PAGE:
Awareness of the problem is growing, but it is not yet translating into adequate action.

The power of stereotype

Today, as many as 33% of survey respondents meet criteria for further screening diagnosis towards mood disorders or anxiety disorders. What does this mean? That statistically, in a ten-person team, three people could suffer from serious mental illness and should contact a specialist as soon as possible. Do they do this? Do employers give them approval? In both cases, the answer is too often: no.

Women and young people who are just entering the job market or have been on it relatively briefly are the most often to talk about their mental problems. Wellbee data also shows that one in five employees used psychological support over the past year.

In terms of generation, people aged 18-25 most often talk about their state of well-being. Among women in this age segment, as many as 68% meet the prerequisites for further diagnosis towards anxiety disorders.

The need for psychological support is not tied to gender. Only 28% of working men in Poland also meet the screening criteria for further diagnostics towards anxiety disorders and mood disorders. When looking at the age of respondents, in the 56-65 age group the problem affects 26% of men and 29% of women.

Can we infer from this that men and more experienced workers rarely require the support of a psychologist? Not necessarily. Polish society still harbours the stereotype of a “tough” man who doesn’t talk about emotions. Additionally, older people draw a clear line between family problems and work life and are not used to talking about their mental condition. Their lack of declarations does not necessarily mean that there is no problem.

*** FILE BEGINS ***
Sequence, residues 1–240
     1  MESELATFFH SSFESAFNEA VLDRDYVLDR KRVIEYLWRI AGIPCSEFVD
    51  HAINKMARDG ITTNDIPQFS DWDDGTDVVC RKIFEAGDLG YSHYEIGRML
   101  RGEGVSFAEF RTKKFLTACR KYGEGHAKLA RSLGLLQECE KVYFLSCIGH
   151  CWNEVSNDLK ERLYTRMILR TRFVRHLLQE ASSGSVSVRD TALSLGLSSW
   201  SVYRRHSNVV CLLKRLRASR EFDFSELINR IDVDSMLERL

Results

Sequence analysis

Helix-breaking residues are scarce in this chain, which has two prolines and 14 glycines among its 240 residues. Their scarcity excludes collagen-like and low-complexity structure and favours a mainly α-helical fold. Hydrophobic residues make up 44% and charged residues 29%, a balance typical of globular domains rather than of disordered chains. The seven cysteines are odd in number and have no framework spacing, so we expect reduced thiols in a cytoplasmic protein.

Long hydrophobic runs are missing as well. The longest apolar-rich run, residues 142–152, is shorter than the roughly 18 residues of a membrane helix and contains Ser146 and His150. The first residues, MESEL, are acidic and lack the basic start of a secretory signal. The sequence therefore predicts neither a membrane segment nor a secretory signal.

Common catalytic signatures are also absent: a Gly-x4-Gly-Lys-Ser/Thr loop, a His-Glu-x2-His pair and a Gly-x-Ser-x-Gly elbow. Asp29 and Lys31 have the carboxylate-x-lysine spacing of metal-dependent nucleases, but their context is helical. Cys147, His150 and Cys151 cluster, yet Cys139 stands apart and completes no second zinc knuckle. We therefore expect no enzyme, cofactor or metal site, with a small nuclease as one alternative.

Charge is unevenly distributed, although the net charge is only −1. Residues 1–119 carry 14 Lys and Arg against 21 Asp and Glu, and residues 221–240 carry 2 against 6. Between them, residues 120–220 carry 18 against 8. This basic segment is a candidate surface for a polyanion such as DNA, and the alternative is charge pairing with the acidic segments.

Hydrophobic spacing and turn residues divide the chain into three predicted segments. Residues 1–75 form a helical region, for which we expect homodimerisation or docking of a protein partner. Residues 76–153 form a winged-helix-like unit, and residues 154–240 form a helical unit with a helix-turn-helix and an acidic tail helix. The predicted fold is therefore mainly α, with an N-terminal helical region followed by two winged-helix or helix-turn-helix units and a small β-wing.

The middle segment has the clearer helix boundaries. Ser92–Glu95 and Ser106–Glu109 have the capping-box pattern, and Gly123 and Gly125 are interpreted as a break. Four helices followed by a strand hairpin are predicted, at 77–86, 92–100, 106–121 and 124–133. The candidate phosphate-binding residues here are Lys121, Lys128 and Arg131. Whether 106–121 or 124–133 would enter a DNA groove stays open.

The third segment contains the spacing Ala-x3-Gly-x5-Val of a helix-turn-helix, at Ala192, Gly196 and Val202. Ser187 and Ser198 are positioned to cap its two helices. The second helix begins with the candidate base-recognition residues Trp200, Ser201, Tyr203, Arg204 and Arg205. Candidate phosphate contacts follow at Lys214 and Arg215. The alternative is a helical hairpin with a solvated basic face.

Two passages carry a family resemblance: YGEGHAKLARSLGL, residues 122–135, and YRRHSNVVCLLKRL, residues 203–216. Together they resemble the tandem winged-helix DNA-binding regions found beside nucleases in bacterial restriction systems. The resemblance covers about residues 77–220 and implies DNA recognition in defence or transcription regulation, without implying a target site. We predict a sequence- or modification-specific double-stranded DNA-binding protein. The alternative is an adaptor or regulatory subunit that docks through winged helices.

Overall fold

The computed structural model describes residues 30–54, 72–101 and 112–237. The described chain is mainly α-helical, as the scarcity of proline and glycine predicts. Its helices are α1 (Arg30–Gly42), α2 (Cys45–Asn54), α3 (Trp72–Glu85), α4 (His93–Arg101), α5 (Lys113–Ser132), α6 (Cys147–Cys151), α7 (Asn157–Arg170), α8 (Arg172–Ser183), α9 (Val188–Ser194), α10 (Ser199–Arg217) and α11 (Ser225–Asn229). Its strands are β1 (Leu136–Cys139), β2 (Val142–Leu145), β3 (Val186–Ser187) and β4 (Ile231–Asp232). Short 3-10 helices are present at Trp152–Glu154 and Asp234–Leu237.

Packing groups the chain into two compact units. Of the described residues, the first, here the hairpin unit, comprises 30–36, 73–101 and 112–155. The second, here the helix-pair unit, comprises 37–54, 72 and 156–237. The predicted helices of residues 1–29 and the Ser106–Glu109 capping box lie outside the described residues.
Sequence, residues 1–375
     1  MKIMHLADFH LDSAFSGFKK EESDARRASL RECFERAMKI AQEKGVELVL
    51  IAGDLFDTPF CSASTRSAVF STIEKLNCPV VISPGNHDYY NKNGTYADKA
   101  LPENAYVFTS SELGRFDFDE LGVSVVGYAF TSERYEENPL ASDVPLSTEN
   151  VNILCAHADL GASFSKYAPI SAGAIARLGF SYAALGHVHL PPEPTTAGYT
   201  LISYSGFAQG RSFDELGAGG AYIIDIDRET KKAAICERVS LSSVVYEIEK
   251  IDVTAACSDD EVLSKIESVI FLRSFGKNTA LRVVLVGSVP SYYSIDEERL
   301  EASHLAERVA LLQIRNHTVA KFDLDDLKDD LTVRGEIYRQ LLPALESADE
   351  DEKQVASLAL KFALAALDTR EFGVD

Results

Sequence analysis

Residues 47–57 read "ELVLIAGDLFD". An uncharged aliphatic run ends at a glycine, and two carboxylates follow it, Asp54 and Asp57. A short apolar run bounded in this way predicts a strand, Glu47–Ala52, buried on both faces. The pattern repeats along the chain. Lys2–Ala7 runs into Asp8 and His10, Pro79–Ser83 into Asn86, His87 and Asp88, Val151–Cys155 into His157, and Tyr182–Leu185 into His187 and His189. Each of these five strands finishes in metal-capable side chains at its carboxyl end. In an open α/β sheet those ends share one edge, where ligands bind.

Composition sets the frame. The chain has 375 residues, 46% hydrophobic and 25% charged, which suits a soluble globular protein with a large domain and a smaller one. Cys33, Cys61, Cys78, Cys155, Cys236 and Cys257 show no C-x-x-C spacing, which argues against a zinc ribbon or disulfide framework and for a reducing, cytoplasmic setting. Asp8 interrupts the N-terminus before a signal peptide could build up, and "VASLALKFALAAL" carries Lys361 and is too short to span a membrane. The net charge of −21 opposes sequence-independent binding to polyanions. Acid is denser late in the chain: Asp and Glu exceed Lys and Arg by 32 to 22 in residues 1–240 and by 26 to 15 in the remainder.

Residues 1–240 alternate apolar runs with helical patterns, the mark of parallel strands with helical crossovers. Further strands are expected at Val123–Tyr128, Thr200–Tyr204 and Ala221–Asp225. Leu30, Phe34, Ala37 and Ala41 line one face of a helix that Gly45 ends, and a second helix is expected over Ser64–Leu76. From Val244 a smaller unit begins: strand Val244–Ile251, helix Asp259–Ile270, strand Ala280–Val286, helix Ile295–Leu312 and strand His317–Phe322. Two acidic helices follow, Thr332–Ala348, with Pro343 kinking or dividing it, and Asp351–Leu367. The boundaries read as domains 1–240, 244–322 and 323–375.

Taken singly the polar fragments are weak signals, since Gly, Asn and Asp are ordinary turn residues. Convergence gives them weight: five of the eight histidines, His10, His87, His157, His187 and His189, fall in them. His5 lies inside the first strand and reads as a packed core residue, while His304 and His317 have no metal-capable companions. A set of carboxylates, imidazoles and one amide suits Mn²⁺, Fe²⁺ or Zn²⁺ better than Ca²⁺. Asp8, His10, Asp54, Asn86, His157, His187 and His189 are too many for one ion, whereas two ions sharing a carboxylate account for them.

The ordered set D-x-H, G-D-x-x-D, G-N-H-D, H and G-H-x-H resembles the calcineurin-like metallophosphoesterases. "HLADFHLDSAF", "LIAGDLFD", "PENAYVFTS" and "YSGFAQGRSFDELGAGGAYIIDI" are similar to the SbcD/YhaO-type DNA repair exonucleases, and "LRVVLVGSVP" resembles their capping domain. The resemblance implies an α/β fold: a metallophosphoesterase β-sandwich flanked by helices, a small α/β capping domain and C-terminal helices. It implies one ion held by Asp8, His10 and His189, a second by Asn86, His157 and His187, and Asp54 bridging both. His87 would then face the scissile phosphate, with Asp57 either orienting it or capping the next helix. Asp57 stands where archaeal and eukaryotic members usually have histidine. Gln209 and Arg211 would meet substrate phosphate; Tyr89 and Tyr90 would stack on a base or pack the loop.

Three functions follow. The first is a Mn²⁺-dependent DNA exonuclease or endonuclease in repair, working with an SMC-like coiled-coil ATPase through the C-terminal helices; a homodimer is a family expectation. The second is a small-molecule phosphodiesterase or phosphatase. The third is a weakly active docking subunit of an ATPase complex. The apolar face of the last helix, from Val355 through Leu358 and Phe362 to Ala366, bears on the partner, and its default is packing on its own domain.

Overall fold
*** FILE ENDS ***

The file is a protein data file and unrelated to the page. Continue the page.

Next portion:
It’s good to talk

Stigmatization and stereotypes are not the only challenges. A big hindrance is also communication. Ineffective, judgmental and non-transparent – it contributes to decreased efficiency and deterioration of the mental health of employees. 52% of Wellbee survey respondents – leaders and HR specialists – believe that communication has a huge impact on the comfort of employees and the atmosphere in the company. What’s more, as many as 96% of decision-makers and 95% of employees see it as the most important competence of the future.

Communication and transparency are also key to destigmatization in this case. Many employees are ashamed to admit to psychological problems for fear of ridicule or misunderstanding. Leaders’ dismissive approach to this problem does not encourage employees to fight for their own well-being.

Employers often do not realize the scale of the problem and that their employees need support in mental health. They, in turn, do not talk about this openly for fear of criticism. As a result, the vicious circle closes. So what should be done?

Employees should have the opportunity to openly share experiences and feel comfortable talking about the difficulties they’re experiencing. They cannot be afraid that they will get a bad evaluation or even worse – that there will be consequences for them. Therefore, it is crucial to provide a tool that not only ensures professional support and self-development materials but is also 100% anonymous. The commitment of leaders and management – that’s another very important element of this puzzle. The example comes from above and largely depends on the management whether the issue of mental health will be normalized in the company.

Sick leave due to mental health

According to the report “Mental Condition of Polish Employers”, every fifth worker in the study took leave or a vacation due to poor mental health. The results are frightening, as in a year a worker spends nearly 20 days on medical leave due to poor mental health. This costs the employer an average of PLN 3 375.76.

The problem is therefore not only serious but also costly. Can Polish employers afford such losses?

“When issuing the report ‘Mental Condition of Polish Employers’, we wanted to draw the attention of both employees and employers to the growing scale of the problem. The report contains not only practical tips that will help implement professional care into companies but also describes the factors that really affect the emotional state of employees, such as relationships with loved ones.” – notes Dariusz Milewski and adds – “Providing employees with mental health support tools does not have to (and even should not!) be associated with large sums that often deter employers from implementing appropriate solutions. The cost of a 20-day absence far exceeds the expense associated with implementing a mental health tool. And absence is of course just one of the costs the employer bears!”